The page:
I’ve been on this career path my entire life I guess. I grew up in evangelism and performed with my family full time as a child. We all sang together in the mornings and performed original musicals my parents wrote at night. I was discovered by an agent at the age of 4 and a manager at the age of 5. I would beg to sing more solos, I would arrange vocal parts for my family and work on our blend and dynamics as a child … I have never known anything other than performing. It’s all I have ever dreamed of doing and I’m thankful to have performed my entire life now. I’m incredibly blessed to have the childhood I had and for the family I have. Everything prepared me to be in this industry and not let it break me, everything prepared me to have thick skin and never lose my passion for music …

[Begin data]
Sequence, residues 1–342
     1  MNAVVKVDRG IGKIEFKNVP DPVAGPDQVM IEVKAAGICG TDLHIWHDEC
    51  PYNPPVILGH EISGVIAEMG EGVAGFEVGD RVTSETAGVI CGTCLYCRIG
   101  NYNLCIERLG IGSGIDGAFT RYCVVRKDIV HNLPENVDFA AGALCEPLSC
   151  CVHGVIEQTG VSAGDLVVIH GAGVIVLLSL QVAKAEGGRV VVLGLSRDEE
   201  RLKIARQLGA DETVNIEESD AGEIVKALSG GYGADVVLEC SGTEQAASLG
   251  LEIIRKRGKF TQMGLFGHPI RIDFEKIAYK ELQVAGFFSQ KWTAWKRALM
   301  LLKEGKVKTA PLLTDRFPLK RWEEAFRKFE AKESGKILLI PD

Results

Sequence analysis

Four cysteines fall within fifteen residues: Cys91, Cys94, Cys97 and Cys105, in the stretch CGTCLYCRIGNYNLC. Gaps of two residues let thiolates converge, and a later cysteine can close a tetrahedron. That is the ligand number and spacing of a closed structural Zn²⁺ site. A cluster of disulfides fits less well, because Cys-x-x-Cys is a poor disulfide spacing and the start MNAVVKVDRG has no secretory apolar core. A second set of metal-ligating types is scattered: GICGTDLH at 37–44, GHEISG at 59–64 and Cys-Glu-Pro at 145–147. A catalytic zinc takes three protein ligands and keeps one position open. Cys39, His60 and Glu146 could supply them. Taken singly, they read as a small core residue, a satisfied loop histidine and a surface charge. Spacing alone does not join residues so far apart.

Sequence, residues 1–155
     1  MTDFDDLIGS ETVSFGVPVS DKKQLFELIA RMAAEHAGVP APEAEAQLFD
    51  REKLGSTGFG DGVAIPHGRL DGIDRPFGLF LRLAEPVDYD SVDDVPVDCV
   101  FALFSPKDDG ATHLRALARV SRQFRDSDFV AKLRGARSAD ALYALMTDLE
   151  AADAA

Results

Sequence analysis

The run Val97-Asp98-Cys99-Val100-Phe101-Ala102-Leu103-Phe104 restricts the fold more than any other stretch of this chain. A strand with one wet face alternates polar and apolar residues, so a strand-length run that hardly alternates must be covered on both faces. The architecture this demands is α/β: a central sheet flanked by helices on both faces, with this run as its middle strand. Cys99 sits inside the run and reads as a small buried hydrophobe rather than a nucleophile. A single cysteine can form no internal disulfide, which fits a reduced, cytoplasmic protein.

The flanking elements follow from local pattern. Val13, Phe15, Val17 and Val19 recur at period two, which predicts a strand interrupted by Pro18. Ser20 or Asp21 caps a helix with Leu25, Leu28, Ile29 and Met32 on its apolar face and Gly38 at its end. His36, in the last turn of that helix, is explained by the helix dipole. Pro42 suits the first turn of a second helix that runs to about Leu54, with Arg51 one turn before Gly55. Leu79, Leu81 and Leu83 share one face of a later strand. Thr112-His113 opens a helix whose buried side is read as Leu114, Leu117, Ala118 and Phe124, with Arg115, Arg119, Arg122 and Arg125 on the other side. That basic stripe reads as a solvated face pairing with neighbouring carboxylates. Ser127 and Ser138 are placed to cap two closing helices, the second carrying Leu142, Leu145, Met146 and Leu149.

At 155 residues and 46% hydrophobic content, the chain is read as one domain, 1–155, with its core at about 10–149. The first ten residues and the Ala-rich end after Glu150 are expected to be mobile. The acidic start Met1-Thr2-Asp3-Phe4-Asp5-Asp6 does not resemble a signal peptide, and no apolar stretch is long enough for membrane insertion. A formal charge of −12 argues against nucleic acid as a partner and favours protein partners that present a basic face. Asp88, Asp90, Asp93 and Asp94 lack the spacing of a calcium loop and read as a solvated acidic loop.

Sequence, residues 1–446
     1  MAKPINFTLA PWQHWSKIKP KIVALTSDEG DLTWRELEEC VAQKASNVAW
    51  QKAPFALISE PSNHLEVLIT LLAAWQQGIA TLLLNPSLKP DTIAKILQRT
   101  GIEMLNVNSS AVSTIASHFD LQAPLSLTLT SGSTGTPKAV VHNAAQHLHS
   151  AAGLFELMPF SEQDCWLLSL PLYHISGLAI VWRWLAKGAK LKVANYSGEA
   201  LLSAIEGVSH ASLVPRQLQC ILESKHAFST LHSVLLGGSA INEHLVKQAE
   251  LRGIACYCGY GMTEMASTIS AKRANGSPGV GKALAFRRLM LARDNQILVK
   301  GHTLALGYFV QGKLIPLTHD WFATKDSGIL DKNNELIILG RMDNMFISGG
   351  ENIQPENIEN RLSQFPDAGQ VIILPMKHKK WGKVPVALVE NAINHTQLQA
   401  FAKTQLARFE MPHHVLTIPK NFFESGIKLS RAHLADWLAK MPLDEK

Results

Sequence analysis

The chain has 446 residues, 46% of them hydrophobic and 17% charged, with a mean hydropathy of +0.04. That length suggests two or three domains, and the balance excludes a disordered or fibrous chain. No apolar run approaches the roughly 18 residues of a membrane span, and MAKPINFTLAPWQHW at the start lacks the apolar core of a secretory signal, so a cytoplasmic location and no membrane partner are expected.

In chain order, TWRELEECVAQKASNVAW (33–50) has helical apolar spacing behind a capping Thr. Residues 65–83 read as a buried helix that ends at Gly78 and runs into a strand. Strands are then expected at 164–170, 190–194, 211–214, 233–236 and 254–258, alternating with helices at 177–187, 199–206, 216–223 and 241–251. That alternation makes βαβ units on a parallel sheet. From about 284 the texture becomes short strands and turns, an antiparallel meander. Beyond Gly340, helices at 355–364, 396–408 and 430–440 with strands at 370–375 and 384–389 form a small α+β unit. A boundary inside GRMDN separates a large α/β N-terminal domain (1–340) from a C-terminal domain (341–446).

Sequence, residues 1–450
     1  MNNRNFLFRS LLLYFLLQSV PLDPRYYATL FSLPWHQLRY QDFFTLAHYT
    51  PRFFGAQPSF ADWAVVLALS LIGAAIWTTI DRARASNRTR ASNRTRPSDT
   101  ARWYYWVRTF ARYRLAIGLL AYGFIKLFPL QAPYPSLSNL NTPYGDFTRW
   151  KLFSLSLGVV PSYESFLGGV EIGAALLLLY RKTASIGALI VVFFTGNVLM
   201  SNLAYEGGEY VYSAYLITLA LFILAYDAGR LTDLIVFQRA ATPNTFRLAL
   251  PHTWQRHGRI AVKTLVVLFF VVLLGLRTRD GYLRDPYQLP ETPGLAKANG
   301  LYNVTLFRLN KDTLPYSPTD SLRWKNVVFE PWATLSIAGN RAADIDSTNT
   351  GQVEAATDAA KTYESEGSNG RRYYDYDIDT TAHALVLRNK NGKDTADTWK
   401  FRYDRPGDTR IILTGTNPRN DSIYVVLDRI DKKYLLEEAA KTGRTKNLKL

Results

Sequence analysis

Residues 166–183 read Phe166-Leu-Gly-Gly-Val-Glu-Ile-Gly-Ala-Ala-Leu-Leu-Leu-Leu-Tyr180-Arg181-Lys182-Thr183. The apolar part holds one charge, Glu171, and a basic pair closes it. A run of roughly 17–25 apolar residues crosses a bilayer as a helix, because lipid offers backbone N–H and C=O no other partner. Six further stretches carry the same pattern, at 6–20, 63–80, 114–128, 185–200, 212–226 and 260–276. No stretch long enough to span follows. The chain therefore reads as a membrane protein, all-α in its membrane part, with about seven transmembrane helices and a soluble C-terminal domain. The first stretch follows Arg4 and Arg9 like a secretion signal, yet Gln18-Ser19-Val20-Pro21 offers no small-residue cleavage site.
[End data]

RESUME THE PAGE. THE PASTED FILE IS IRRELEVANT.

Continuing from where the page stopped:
That’s hard. I have a LOT of crazy stories! I guess I will share some details about this next one that most people don’t know. In 2010 I co/wrote a song called Turn On The Radio. At the time I had an artist deal in the works … I thought all of my dreams were coming true … And then they weren’t. The flood happened in Nashville and we were surrounded by devastation … It was the sadness that helped us want to write something up tempo, full of attitude and a complete escape from the reality around us. I always try to think of how a song will go over live in a writing appointment and we wrote that song pretty effortlessly. Then all of the sudden everything with my artist deal was starting to crumble into pieces, I felt devastated. One of my co/writers turned the song in to their publishing company, someone from Reba’s camp heard the song and before I knew it, I was on the phone with Dann Huff (who later produced it) as he was explaining to me that Reba and Big Machine, (her label) wanted this song and they wanted it badly. I was in completely shock … I didn’t even know how Reba had heard it, plus she was a childhood idol of mine. I knew if I went to the people that my deal was with (who also happened to employ me and my husband) that we would be fired. We would lose every ounce of our income, and I would lose my chance at being an artist, well, that particular chance anyway. Here’s some detail people don’t know. Reba called my cell phone personally to ask for the song. After 24 hours of no sleep and constant prayer I gave Reba some stipulations (ballsy I know) … She agreed to those and I gave her the song. My husband and I were fired almost immediately, lost every ounce of our income and my deal as a solo artist was obviously now obsolete. Reba called again and asked me to sing BGV’s on it. I’ll never forget singing the backgrounds around her iconic voice, on this song I had written … I finally got to hear myself sing this song on the radio … Not as an artist as I had dreamed, but I sang on a song that went #1 with Reba McEntire, one of my biggest inspirations and I wrote it … And we were collecting unemployment when it peaked at #1 on the Billboard Country Charts.